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Creating a high performance team

12th August 2015

It would be too obvious to state that success is built on harmonious team work, with 91% of respondents agreeing to this in a recent survey and research report from the Centre for Creative Leadership. But what makes these teams succeed? The answer, according to research conducted by Lencioni (2002) is trust. (1) As a result, the real question is what happens when a team lacks a sense of trust? The consequent effects can be catastrophic for business since team members will be less likely to ask for assistance, take constructive criticism or wish to go beyond minimal expectations. Furthermore, from a top-down perspective, productivity will be reduced and unnecessary time spent on aiding conflict, with managers spending 18%-26% of their time dealing with such issues. (2) In today’s society, however, the necessity of teams is consistently overlooked by business leaders and this needs to change.

So how do we create these high performing teams (commonly referred to as HPT)? Rialto, specialists in business and leadership transformation, believe it to be a group of individuals who are committed, focused, coordinated and adaptable to diverse talents and skills. Often, such teams are relatively small, typically between 5 and 9 people consistently working together, which runs alongside Belbin’s team model and ensures the correct mix of essential skills and characteristics. (3) Mutual accountability is also a must within HPT, requiring trust, transparency and candour as well as a passion for a well-defined and unifying goal. Therefore, it is clear to see that such strong teams are unlikely to be formed without careful thought and analysis.

Enter, team building initiatives. This concept is largely misunderstood today in the world of business with many employees viewing it as a day out of the office to have fun playing golf or working out the best way to pass your colleagues through a spider’s web without touching the sides. Although of course this is the aim, there is always the underlying motivation of lasting change for an underperforming team as opposed to sporadic one time responses in a bid to ‘fix’ in the short term and so can in fact be undertaken in the office during the day to day. (4)

Therefore, we must discover ways of empirically testing personality traits in order to create and manage HPT and in turn, aid team building. The introduction of personality tests into team building programmes is advantageous since individuals within the team can understand their own preferences and work styles in amongst the broader style of the team as a whole. Examples of personality testing include Belbin’s ‘Team Role’ Model, the DISC Model and the Myers-Briggs Type Indicator (MBTI). Each of these processes assess the behavioural characteristics of individuals within a workplace setting and more specifically, how they behave in a team situation. Therefore, individuals’ inherent strengths and weaknesses are identified as well as natural roles adjusted and as a consequence, they are likely to become more motivated since they are aware of their place and worth within the team and are compatible with the characteristics of others. As a result trust is formed, ultimately creating open lines of communication in order to organise individuals in accordance to their differing strengths and understand the mix of profiles within a team. (5)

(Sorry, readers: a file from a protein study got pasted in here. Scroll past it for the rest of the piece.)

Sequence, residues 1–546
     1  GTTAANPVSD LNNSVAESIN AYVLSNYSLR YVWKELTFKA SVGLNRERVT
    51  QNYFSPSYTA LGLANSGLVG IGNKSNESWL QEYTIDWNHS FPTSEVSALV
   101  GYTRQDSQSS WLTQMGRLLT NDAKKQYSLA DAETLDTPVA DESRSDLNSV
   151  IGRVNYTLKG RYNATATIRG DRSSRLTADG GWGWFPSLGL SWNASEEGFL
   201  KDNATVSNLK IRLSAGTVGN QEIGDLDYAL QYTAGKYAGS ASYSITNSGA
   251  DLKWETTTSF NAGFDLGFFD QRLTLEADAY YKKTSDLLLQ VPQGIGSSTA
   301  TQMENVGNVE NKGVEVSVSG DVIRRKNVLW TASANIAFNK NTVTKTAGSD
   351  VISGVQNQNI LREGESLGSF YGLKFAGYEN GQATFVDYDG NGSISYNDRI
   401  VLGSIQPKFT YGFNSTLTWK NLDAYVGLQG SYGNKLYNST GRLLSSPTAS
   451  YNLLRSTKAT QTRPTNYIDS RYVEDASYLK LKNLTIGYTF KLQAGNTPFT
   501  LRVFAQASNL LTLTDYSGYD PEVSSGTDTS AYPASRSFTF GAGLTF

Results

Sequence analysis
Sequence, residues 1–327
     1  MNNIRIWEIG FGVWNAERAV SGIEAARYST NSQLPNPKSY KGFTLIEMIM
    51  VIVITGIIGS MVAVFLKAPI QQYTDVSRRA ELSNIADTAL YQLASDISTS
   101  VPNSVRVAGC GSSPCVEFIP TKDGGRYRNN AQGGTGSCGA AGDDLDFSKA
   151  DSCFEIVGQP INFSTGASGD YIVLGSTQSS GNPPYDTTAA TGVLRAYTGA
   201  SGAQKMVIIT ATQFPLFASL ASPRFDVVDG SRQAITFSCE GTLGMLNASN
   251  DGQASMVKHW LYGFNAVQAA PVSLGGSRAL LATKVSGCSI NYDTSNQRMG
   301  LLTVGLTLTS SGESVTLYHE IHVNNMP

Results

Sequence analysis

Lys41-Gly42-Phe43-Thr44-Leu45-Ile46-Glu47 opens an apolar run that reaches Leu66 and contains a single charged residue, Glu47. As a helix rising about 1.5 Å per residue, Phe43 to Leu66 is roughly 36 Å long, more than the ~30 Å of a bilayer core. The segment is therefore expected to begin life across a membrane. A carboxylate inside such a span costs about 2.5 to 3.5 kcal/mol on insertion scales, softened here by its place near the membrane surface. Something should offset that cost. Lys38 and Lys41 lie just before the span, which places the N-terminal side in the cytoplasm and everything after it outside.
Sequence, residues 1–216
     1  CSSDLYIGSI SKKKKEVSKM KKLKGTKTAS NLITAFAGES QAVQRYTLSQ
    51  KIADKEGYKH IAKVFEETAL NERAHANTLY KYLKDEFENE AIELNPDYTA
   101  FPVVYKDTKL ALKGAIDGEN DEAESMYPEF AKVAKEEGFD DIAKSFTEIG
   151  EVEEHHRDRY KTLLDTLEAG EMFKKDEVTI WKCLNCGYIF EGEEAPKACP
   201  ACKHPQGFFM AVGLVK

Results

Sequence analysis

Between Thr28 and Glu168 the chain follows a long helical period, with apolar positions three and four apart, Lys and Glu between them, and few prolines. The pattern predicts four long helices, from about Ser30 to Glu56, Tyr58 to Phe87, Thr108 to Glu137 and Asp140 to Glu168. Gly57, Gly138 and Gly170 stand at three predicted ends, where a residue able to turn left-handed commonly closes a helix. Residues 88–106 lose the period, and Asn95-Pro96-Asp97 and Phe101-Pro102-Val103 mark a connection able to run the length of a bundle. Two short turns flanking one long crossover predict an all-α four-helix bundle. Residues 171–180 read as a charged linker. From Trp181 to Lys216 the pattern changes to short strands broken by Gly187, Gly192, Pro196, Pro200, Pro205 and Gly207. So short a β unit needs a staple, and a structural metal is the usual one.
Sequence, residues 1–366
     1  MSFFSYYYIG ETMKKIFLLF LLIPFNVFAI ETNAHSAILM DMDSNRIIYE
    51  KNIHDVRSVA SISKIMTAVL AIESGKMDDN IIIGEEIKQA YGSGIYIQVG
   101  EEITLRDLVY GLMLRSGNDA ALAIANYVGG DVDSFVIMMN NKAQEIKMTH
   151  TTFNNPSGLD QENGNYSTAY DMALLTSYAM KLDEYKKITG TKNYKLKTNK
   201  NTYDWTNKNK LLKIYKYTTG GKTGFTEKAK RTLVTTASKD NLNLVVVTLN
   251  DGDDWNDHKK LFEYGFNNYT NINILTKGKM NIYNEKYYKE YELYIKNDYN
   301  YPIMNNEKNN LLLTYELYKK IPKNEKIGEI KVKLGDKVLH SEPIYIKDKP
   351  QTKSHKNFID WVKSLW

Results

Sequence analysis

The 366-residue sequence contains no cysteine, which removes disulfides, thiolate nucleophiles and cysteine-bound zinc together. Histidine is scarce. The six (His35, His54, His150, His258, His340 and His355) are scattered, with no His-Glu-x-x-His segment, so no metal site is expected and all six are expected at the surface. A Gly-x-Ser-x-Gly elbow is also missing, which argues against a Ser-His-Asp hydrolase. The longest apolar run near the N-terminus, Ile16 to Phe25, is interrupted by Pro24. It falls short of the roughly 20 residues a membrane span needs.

The most successful companies tend to be composed of a variety of personalities, such as Google. Voted the No. 1 company to work for in 2011, they really seem to care about their employee’s wellbeing, as reflected in the weekly TGIF get-together in which new employees are able to break the ice with their colleagues and most importantly, openness and honesty are encouraged with Q & A sessions with the most senior of leaders, broadcast worldwide. (6) This is just one example of how team building initiatives can be implemented into business in order to create the most important factor needed for HTP, trust (but Google’s free breakfasts, lunches and dinners would be enough to win us over!).

Therefore, we must be clear on the fact that despite the successful creation of HTP, often by external coaches, it is unlikely they will prosper and evolve in the long term without strong leadership. Such team leaders are not necessarily the most senior individuals in a team (7), but those able to consistently motivate and successfully get the job done, as shown below from a study conducted by Harvard Business School focusing on the significance of both task and relationship success. (8)

As a result it is clear to see that it would be highly beneficial for organisations to allocate time, resources and thought into these types of team building exercises which fully embrace all personality types. It is commonly known that it takes all sorts to make the world go round and this situation is no different, so why not rise through the ranks and join Google at the top by embracing your employees’ differences and nurturing their strengths to top your competition.


References

  1. Coddington, C. (2013) Team Building through Trust Building. Caliper Corporation
  2. Thomas. K. W. (2006) Making Conflict Management a Strategic Advantage. Psychometrics
  3. Rialto Consultancy. (2011) How to Create High Performing Teams. Rialto
  4. Six Sense Inc & Drake International. (2014) Team Building Magic: The Secret behind High Performing Teams. Drake International
  5. Chatterjee, S. (2012) Top 5 Reasons Why Google is the Best Company to Work For. International Business Times
  6. Coddington, C. (2013) Team Building through Trust Building. Caliper Corporation.
  7. Rialto Consultancy. (2011) How to Create High Performing Teams. Rialto
  8. Ibid

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